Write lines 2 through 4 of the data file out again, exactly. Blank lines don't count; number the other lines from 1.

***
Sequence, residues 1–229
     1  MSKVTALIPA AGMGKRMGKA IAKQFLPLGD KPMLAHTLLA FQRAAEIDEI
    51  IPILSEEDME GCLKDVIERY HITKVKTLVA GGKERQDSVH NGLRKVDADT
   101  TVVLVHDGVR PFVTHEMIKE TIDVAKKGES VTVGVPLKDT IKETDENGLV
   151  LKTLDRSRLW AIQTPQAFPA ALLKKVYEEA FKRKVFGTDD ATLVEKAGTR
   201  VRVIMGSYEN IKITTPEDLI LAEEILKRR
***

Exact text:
     1  MSKVTALIPA AGMGKRMGKA IAKQFLPLGD KPMLAHTLLA FQRAAEIDEI
    51  IPILSEEDME GCLKDVIERY HITKVKTLVA GGKERQDSVH NGLRKVDADT
   101  TVVLVHDGVR PFVTHEMIKE TIDVAKKGES VTVGVPLKDT IKETDENGLV